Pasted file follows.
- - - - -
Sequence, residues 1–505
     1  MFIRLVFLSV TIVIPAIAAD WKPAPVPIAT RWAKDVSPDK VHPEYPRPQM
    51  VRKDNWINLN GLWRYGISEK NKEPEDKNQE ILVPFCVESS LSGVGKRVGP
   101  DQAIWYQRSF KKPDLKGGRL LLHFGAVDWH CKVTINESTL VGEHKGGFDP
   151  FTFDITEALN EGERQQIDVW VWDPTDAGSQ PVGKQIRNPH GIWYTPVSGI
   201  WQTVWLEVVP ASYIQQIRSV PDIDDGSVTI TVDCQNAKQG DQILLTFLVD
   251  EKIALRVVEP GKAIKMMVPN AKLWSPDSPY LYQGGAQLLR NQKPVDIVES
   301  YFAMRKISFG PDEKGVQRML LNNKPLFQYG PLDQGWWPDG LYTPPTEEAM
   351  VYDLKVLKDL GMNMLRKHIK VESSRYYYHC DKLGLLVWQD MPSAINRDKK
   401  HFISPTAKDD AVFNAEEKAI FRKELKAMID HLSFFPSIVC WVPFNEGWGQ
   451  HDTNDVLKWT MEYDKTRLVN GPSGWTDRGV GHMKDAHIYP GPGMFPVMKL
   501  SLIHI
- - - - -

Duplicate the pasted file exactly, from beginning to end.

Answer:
Sequence, residues 1–505
     1  MFIRLVFLSV TIVIPAIAAD WKPAPVPIAT RWAKDVSPDK VHPEYPRPQM
    51  VRKDNWINLN GLWRYGISEK NKEPEDKNQE ILVPFCVESS LSGVGKRVGP
   101  DQAIWYQRSF KKPDLKGGRL LLHFGAVDWH CKVTINESTL VGEHKGGFDP
   151  FTFDITEALN EGERQQIDVW VWDPTDAGSQ PVGKQIRNPH GIWYTPVSGI
   201  WQTVWLEVVP ASYIQQIRSV PDIDDGSVTI TVDCQNAKQG DQILLTFLVD
   251  EKIALRVVEP GKAIKMMVPN AKLWSPDSPY LYQGGAQLLR NQKPVDIVES
   301  YFAMRKISFG PDEKGVQRML LNNKPLFQYG PLDQGWWPDG LYTPPTEEAM
   351  VYDLKVLKDL GMNMLRKHIK VESSRYYYHC DKLGLLVWQD MPSAINRDKK
   401  HFISPTAKDD AVFNAEEKAI FRKELKAMID HLSFFPSIVC WVPFNEGWGQ
   451  HDTNDVLKWT MEYDKTRLVN GPSGWTDRGV GHMKDAHIYP GPGMFPVMKL
   501  SLIHI